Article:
Reduce HFCs, Methane and Black Carbon Emissions


Methane, black carbon, tropospheric ozone, and some hydrofluorocarbons (HFCs)–commonly referred to as short-lived climate pollutants (SLCPs) –are potent emissions that pack a lot of punch in a short time. Methane’s average life span is about 12 years, unlike CO2 which stays in the atmosphere for a very long time, from decades to centuries [1].  Black carbon and tropospheric ozone have an even shorter atmospheric life spans – typically only a few days or weeks –resulting in direct regional climate, environmental and health impacts as well as global impacts.

Despite their shorter life span, SLCPs are having a huge impact on our climate, responsible for at least 40% of the radiative forcing that is heating the planet globally[1]. Therefore, aggressively reducing SLCPs in the next decade is one of the most effective ways of keeping global temperatures from rising above the 1.5 degrees Celsius threshold [2, 3].  The good news is that once we reduce these emissions, we can lower their climate impacts.  This is the low-hanging fruit.

Methane accounts for a large and growing percentage of global greenhouse gas emissions. Each molecule of methane emitted is inherently more than 100 times more potent than CO2 in trapping heat. One of the main climate change culprits in the food supply chain, methane is produced primarily from the enteric fermentation of ruminant livestock such as cattle and sheep, and is released when the animals burp as well as from their manure. Methane is also released by rice cultivation –the warm, waterlogged soil of rice paddies provides ideal conditions for methanogenisis –the formation of methane by microorganisms. It is also released by landfills, the burning of biomass, coal mining and other sources, including natural gas and oil production. [4]

New technologies and practices can curb methane from rice growing such as through periodic field drying (see the Lotus Foods video below for more information). Using anaerobic digestion to capture methane from livestock manure is an effective approach to convert waste into energy while reducing methane emissions[5]. In addition, simple changes such as avoiding adding straw to manure, applying manure to fields as quickly as possible, and avoiding wet conditions when applying manure can reduce the emission of methane[6]. There are promising solutions to enteric emissions with feed additives and modifying feed to decrease methanogenisis such as adding seaweed and high omega-3 feeds to the diet of livestock. Modifications in fertilization regimes, including increased use of natural compost in lieu of synthetic fertilizers, and other methods to reduce reliance on petroleum and natural gas-reliant inputs.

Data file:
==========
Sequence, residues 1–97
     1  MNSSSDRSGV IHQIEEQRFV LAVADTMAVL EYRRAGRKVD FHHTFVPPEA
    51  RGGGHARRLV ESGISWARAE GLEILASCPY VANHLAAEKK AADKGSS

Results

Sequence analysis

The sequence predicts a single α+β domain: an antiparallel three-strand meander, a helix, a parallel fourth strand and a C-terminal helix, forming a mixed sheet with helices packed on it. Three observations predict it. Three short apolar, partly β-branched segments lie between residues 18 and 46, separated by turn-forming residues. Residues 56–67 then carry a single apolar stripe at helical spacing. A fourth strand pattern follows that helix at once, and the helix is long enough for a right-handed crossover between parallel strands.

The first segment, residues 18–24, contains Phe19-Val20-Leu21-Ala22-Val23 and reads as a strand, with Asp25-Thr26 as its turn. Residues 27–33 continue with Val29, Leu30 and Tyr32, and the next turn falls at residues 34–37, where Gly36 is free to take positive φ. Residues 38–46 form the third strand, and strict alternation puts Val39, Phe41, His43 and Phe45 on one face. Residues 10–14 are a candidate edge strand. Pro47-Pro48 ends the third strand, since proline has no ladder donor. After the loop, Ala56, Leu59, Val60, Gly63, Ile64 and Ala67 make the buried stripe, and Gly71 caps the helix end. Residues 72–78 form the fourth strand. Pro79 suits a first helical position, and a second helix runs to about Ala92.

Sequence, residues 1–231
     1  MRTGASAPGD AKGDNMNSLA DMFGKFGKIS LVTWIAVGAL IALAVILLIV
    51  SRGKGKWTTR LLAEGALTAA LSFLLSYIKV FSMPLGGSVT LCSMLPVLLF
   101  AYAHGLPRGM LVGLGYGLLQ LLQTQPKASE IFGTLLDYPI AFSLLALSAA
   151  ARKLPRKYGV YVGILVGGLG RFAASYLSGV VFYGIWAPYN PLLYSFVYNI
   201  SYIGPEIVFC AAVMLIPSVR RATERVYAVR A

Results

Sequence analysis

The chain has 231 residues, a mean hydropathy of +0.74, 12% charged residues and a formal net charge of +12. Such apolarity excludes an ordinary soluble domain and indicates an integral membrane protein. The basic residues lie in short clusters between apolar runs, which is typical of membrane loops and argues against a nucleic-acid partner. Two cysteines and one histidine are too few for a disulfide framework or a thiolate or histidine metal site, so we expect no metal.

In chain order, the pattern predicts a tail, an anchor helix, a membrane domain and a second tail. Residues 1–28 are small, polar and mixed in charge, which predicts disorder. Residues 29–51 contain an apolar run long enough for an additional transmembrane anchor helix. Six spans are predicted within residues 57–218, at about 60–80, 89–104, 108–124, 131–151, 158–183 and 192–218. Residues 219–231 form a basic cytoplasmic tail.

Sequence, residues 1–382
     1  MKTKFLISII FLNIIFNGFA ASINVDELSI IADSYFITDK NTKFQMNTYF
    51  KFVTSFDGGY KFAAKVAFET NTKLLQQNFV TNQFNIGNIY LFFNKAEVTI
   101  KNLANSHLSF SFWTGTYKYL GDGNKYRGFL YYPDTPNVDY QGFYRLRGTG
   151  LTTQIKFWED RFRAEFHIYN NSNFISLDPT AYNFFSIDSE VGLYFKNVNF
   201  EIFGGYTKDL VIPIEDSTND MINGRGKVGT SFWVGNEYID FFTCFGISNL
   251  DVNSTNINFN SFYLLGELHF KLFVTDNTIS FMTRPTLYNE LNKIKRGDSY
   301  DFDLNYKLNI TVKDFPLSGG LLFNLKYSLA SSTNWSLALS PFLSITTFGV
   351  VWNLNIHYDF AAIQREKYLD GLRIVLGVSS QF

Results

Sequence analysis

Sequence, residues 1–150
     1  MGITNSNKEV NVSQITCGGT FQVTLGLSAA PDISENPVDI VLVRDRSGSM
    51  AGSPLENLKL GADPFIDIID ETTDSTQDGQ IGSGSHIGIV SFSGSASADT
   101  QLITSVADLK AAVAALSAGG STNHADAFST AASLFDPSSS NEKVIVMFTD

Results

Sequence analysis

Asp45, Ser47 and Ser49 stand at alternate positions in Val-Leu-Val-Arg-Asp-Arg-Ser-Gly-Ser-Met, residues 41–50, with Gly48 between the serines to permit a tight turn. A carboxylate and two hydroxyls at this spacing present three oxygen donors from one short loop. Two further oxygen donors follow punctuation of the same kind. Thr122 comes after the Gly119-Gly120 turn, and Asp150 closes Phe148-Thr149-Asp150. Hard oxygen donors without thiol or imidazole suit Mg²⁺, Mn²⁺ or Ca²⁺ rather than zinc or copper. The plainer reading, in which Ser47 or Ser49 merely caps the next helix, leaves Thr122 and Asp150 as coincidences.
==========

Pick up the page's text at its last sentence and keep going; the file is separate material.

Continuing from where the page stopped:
Check out how Lotus Foods achieves 30%-60% reductions in methane emissions from rice production.

Black carbon is the fine particulate or soot that results from the incomplete combustion of fossil fuels (diesel fuel, in particular) and biomass - primarily in the form of forests and crop residues. It warms the atmosphere by absorbing solar radiation and emitting it as heat, changes cloud formation and rain patterns, and darkens the surface of snow and ice, which accelerates heat absorption and melting[7]. Black carbon is also responsible for premature deaths and crop damage each year[8]. Despite the fact that black carbon only remains in the atmosphere for a few weeks at most, it is estimated to be the second or third largest cause of climate change behind CO2, with methane being the other major contributor [9].

Opportunities to reduce black carbon emissions from agriculture and food chain operations abound, especially by substantially reducing burning of crop residues and lands cleared for crops, by ensuring that diesel engines used in transport meet the highest pollution standards or operate on alternative fuels, and through on-site non-grid connected energy production. 

HFCs from refrigerants in air conditioning, cold chain transportation and storage are thousands of times more potent than CO2. Used as replacements for ozone-depleting substances (chlorofluorocarbons), HFCs are one of the fastest growing climate pollutants. Solutions for HFCs in refrigerants include managing leakage and recovery, enhancing energy efficiency within the cold chain, and using alternative refrigerants and other alternative technologies such as transcritical CO2 [12]